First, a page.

Pennsylvania church plant thrives through connection during COVID-19

Pennsylvania church plant thrives through connection during COVID-19

Daniel Sperry for Nazarene News
| 23 Oct 2020

A church plant in Philadelphia’s suburb of Pottstown has continued to grow despite the COVID-19 pandemic. Lead Pastor Paul Thornhill credits the church for continuing to reach the lost, a key factor that Thornhill traces back to his own childhood experience.

New Beginnings Church of the Nazarene started in April of 2019 and was officially organized in April of 2020. As the church approached its one year anniversary, its momentum could have been halted by the COVID-19 pandemic. Many churches, including New Beginnings, closed their sanctuary doors and moved online, but the shift didn’t affect New Beginnings.

The church continues to grow by making connections in the community. As a church, Thornhill says they’ve given out 2,000 Bibles in the last year and a half. The church has been able to reopen its building while following social distancing guidelines, and five new people have started attending the church. 

Thornhill believes they’ve joined because of the connection they now have.

“I try to reach out in some area, every day, in some manner,” Thornhill said. “I meet people. I may call them this week; the next week I may send them a card of encouragement…It’s connection. I make all kinds of connections with people over and over and over again.”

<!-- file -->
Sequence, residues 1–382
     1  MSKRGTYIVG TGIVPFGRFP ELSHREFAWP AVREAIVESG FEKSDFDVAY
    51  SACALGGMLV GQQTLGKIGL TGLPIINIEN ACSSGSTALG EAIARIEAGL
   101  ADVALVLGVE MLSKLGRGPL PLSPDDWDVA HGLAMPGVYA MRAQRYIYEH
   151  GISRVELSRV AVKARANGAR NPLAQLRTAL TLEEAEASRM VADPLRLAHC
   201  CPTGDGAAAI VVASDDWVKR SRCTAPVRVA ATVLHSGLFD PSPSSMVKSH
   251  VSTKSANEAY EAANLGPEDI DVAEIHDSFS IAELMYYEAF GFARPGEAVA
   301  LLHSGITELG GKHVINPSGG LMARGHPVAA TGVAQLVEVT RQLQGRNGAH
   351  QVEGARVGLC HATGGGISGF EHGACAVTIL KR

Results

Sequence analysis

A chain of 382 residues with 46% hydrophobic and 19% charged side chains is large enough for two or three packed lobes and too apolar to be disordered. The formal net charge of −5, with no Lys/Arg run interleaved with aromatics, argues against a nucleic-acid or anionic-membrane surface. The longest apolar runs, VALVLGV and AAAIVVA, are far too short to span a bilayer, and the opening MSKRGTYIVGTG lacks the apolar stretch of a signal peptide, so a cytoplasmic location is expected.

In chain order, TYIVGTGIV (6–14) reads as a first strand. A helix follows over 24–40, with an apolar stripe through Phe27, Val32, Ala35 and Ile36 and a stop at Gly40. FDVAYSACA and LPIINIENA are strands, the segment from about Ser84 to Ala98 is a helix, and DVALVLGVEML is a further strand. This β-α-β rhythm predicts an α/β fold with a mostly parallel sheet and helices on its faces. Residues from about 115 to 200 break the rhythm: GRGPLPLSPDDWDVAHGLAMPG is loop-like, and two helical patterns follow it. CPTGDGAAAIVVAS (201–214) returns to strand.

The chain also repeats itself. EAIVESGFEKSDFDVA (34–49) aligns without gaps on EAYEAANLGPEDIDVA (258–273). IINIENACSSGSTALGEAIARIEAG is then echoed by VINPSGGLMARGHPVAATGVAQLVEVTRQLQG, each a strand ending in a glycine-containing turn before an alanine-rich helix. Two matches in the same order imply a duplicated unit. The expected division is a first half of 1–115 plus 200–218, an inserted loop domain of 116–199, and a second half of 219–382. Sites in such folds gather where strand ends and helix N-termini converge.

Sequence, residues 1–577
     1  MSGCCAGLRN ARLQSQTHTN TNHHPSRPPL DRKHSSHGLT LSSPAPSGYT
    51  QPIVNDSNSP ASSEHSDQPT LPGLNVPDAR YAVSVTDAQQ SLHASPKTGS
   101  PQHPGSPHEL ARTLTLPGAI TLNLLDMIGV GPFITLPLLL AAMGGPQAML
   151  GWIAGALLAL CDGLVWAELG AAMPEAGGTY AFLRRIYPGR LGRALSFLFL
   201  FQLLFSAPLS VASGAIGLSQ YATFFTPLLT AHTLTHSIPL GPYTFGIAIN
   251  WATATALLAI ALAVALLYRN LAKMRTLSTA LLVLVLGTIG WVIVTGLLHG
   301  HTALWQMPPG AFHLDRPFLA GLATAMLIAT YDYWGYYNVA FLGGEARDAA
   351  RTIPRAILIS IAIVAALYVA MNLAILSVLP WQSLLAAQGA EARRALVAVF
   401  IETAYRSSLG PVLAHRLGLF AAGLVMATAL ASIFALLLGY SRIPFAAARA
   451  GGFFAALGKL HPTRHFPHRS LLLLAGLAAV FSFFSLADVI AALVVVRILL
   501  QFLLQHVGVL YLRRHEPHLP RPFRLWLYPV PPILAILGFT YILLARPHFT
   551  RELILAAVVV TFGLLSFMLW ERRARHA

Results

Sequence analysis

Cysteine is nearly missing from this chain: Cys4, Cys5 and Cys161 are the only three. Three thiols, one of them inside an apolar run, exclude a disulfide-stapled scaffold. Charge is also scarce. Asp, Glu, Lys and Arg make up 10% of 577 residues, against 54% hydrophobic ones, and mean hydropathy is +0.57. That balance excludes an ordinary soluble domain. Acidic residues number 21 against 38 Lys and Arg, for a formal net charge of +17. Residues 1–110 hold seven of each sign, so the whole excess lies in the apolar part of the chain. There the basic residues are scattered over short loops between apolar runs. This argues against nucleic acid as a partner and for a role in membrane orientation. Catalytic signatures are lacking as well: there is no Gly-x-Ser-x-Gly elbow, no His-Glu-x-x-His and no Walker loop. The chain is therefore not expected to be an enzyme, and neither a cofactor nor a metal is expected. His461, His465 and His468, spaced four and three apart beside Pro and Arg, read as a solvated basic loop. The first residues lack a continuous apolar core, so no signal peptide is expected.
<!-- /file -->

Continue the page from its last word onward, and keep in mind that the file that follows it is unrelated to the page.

“You can’t just greet them, say hello, invite them to the church, and then let them flounder on their own,” Thornhill continued. “We’ve got to stay connected to them, and that has been my philosophy in my entire ministry.”

Thornhill’s philosophy on connection stems from his own experience in childhood. At the age of 10, Thornhill said his house was falling to the ground. His father was an alcoholic, and his mother did what she could to help the family survive. He describes his family as “lost in so many ways.” But a local Nazarene church developed a plan to reach the lost in their community. 

“They bought an old yellow school bus, painted it dark red, and lettered the name of the church on both sides of the bus,” Thornhill said. “On Saturday mornings, the pastor and several of his laity started out to find the lost people for Jesus. One Saturday morning, this red church bus stopped in front of my house. This group of church people knocked on our door to invite us to Sunday school and church.”

Thornhill began to attend with his mother and siblings, but his dad did not join them. The church family prayed for Thornhill’s father, that he would be saved and transform his life. After a few months, his father finally attended a service.

“An altar call was given that morning,” Thornhill said. “My dad made his way to the altar and gave his heart to Jesus. He became a Christian and immediately he quit drinking, never to drink again.”

Thornhill’s past has given him a passion for reaching the lost, and he encourages every church to reach out to its community.

“There are millions of lost people out there that need Jesus,” Thornhill said. “Let’s go find them.”   


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